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The Sciences

Why Did Stone and Bronze Age People Crack the Bones of Their Dead?

A new scientific study investigates a cave in Spain where prehistoric people damaged the bones of their dead but didn't leave behind widespread evidence of cannibalism.

By Matt HrodeySep 22, 2023 12:45 PM
Marble Cave where prehistoric people broke the bones of the dead
Cueva de los Marmoles, where prehistoric people broke the bones of the dead and may have practiced cannibalism. (Credit: J.C. Vera Rodríguez/CC-BY 4.0)

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A new study of a cave used by prehistoric people in southern Spain has uncovered a mystifying set of practices involving possible cannibalism and the manipulation of dead bodies.

Scientists have studied the Cueva de los Marmoles (Marble Cave) since 1934, but the most recent effort by researchers from the University of Bern and the Universidad de Córdoba is the first comprehensive study of the human remains there. The analysis relies on 411 bone fragments collected from the site, along with 47 attached teeth and 10 loose ones. The pieces – including a “skull cup” forming the upper part of the cranium – raise as many questions as they answer.

Many of the skull and long bones were fractured while the bones were still fresh, perhaps to allow the surviving people of the group to extract the nutritious marrow. That being said, the team didn’t find overwhelming evidence that the prehistoric people – who hailed from 3,000 years to 6,000 years ago – practiced more extensive cannibalism.

How Did Prehistoric People Use Their Dead?

Scientists have found such evidence at caves in Southern Spain but not at Cueva de los Marmoles. The bones lacked the extensive cut marks associated with slicing the meat off a corpse. As members of the Bronze and Stone ages, the prehistoric people would have had access to stone or metal tools. But the study found cutting marks on only 11 of the bones studied.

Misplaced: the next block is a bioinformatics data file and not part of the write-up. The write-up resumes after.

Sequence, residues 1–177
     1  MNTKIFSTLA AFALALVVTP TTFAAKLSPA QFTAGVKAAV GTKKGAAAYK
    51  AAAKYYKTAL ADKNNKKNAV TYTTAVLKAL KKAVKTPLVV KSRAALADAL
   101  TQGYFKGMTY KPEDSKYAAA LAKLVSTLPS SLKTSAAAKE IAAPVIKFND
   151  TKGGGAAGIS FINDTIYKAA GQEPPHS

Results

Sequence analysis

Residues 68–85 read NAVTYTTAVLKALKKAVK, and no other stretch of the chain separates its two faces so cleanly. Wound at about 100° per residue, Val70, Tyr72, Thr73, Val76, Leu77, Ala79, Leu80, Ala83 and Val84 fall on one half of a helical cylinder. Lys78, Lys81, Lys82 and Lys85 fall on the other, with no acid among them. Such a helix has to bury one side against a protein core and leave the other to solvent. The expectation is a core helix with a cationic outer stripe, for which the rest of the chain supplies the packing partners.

In an attempt to explain these results, the paper cites a 2015 investigation of the Scaloria Cave in Southern Italy, where researchers uncovered plentiful fresh bone breakages and fewer cuts to bones. That study proposed that the prehistoric people had gathered dead body parts from outside the cave, cut some tissue off the bones and then broke them.

These early morticians had dropped them in the cave, but why inter the dead in such dim places?

“Caves are frozen in time, lacking those phenomena usually marking the passing of time,” the new paper says. “The silence and subterranean position of caves would only add to their liminal connotation.”


Read More: A Stone Age Village Buried a Mysterious Girl with Fine Jewelry Befitting Ancient Egypt


History of Looting

Unfortunately, not all past explorers of Cueva be los Marmoles have been as interested in the cultural significance of its chambers.

In decades gone by, many amateur archaeologists and outright looters lifted artifacts from the caves, including ceramics, ornaments and stone tools. Many of those ended up in private collections and later in the Municipal Historical Museum of Priego of Córdoba.

This likely resulted in changes to the human remains, says the paper, which sets forth an anthropological record of those left.

Further study could reveal yet more about the site’s practices, it says, and whatever “symbolic purposes” they may have served.


Read More: Raiding Graves — Not to Rob But to Remember

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